NIGER (10 September)
Harvest prospects are generally favourable. During the first dekad of August, rainstorms covered the south of Tahoua, Maradi and Diffa. However, no damage has been reported in these areas. Rainfall remained heavy during the second dekad in the south of Dosso, south-west of Tillabery, Tahoua, Maradi and Zinder. Soil moisture is adequate so far, benefiting crop and pasture development.
Pest infestations may result in crop damage. Grasshopper and army worm infestations were reported in Zinder department. Isolated Desert Locusts are likely to be present in Aïr and increase slightly in Tamesna as a result of breeding.
Aggregate 1998 cereal production is estimated at a record 2.96 million tonnes (paddy equivalent), about 74 percent above 1997 and about 44 percent above the five-year average. As a result, the overall 1999 food supply situation remains satisfactory. Markets are well supplied and prices of cereals are affordable. Cereal traders, unlike producers, are selling stocks in anticipation of a good harvest this season.
NIGERIA (9 September)
Crops are developing satisfactorily but a late start to the rainy season might constrain production. Rains started about one month later than usual in the northern areas hampering development of millet and sorghum. From May to June, cumulative rainfall was below normal. Rains resumed gradually in late June and remained satisfactory and above normal up to the end of August, allowing partial recovery in crop condition. Heavy rains caused the Zobe Dam in the northern state of Katsina to overflow, resulting in heavy crop losses.
The overall food supply situation is satisfactory. The cereal import requirement for 1999 is estimated at 1.25 million tonnes, including 1.05 million tonnes of wheat and 150 000 tonnes of rice.
SENEGAL (10 September)
Widespread above-normal rainfall in August improved crop prospects. During the first dekad, the south-west received substantial rainfall which progressed to the centre and the west during the second dekad. In mid-August, rainstorms covered southern and western regions, flooding many areas (Joal and Kaolack in particular). Rains increased notably in the eastern regions during the third dekad. So far, overall crop development is satisfactory and soil moisture reserves are sufficient. Millet and sorghum are generally heading in the south and the centre.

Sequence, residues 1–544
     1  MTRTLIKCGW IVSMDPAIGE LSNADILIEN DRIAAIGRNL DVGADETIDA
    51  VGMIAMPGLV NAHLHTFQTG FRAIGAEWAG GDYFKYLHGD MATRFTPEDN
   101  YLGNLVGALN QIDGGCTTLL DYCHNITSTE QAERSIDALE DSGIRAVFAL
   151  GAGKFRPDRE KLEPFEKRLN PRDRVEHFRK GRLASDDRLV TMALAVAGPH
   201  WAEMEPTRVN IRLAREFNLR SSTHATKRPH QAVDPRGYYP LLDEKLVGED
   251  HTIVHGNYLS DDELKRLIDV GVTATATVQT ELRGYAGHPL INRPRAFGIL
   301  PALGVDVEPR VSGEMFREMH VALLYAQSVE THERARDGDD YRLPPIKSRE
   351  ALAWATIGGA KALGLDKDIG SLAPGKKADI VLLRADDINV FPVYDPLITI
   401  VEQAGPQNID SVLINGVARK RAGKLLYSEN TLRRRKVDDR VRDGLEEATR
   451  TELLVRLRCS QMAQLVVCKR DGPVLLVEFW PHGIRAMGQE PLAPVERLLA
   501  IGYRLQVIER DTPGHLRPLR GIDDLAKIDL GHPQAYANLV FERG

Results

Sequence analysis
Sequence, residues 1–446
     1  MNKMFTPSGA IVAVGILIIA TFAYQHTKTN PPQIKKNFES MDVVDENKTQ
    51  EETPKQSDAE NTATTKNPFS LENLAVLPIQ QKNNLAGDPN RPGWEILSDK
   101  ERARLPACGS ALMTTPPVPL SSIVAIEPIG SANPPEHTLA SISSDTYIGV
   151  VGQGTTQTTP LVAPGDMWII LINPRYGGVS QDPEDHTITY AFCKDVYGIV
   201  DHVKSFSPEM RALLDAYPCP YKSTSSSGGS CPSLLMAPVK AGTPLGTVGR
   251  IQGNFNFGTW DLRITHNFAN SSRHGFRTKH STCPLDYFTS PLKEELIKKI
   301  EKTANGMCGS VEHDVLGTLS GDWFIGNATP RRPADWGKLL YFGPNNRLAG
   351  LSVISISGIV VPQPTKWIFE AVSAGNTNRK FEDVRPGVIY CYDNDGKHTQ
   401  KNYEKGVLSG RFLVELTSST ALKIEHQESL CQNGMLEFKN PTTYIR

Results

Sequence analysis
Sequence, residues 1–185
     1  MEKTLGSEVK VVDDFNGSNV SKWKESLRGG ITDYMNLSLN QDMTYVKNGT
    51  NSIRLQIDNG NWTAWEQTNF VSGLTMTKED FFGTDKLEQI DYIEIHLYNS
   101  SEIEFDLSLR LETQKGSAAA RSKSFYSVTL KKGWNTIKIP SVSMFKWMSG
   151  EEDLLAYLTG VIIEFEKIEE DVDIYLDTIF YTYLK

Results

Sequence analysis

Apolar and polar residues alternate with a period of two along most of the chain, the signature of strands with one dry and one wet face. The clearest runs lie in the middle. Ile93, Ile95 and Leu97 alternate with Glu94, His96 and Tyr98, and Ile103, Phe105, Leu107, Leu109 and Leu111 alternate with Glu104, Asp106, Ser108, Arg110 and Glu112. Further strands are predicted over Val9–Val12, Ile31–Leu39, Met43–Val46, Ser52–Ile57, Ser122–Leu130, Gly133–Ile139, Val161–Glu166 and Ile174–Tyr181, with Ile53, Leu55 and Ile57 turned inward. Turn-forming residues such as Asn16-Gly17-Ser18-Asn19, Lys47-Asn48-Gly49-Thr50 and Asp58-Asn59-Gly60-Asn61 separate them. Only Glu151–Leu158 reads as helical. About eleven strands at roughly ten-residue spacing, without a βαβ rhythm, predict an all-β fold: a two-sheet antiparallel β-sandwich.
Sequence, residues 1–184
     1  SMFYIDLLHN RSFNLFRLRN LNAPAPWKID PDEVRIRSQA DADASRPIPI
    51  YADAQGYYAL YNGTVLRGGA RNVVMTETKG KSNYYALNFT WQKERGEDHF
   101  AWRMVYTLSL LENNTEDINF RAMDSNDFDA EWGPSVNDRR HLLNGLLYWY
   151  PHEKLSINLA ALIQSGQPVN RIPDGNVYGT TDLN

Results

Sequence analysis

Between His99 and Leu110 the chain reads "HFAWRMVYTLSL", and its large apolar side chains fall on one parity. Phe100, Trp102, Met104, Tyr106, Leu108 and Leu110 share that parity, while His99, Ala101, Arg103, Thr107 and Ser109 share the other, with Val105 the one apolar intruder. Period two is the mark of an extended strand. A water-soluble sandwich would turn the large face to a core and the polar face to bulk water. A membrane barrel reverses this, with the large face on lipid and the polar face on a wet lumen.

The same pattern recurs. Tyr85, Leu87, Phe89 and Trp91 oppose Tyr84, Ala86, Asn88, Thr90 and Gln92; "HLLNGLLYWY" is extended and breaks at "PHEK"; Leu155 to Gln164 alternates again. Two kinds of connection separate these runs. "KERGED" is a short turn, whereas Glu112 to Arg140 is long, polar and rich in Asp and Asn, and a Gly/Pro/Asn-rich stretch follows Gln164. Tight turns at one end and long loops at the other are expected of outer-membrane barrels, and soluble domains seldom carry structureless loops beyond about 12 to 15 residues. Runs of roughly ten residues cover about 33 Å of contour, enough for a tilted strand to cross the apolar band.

Pastures are abundant countrywide. Grasshopper and army worm infestations are reported in several areas. No significant developments of Desert Locusts are likely.
The overall food situation is satisfactory. Markets are well supplied and the price of rice is stable. Price of local cereals decreased significantly compared to last year. In addition, farmers and traders are selling stocks in anticipation of a good harvest. In the southern regions, the price of millet ranged from 75 to 145 F.CFA/Kg in August 1999 compared to 175 to 240 F.CFA/Kg last year. In Diourbel and Thiès region in the centre-north, prices were between 100 to 150 F.CFA in 1999 compared to 125 to 210 F.CFA last year. However, food supply difficulties are reported in some areas (Saint-Louis region (Matam, Podor and Dagana) or Louga and Diourbel regions) where rainfed production was poor.
SIERRA LEONE* (9 September)
The security condition has improved in many rural areas but might not affect 1999 production substantially. Output is expected to remain close to last year’s level despite favourable climatic conditions so far. Insecurity in major parts of the country at the beginning of the season prevented the delivery of agricultural inputs and disrupted agricultural activities. Weather was generally favourable since the beginning of the season despite reduced rains in late July and in August. Satellite imagery shows below-normal vegetation over the country.
Following the peace agreement in early July between the government and rebels, the number of ECOWAS peace keeping forces have been reduced and will gradually be replaced by UN military observers who will monitor the disarmament and reintegration process. Improvement in the security situation also allows implementation of emergency and rehabilitation activities in the country. Food distribution is underway following the reopening of main roads from Freetown to Bo and Kenema, and from neighbouring Guinea to Kambia. However, the volume of food is insufficient to meet the needs of the large number of refugees and displaced persons, particularly in the north and the east. Current estimates put the number of displaced people at 700 000, whose nutritional status is reported to be precarious. Even in the case of a successful and fast implementation of the peace agreement, the country will continue to rely heavily on food assistance for several years. FAO estimates the cereal import requirement for 1999 at about 290 000 tonnes, including 140 000 tonnes of food aid. At the end of August, only 25 100 tonnes of food aid, mainly in the form of bulgur wheat, had been pledged and delivered.
TOGO (9 September)
Widespread and above-normal rains benefited crop development. Rains were regular during the entire rainy season. Soil moisture reserves are adequate and so far pest situation is calm. Crop prospects are normal in the north and above normal in the south.
The overall food supply situation is satisfactory. The cereal import requirement for 1999 (January/December), is estimated at 125 000 tonnes (including re-exports).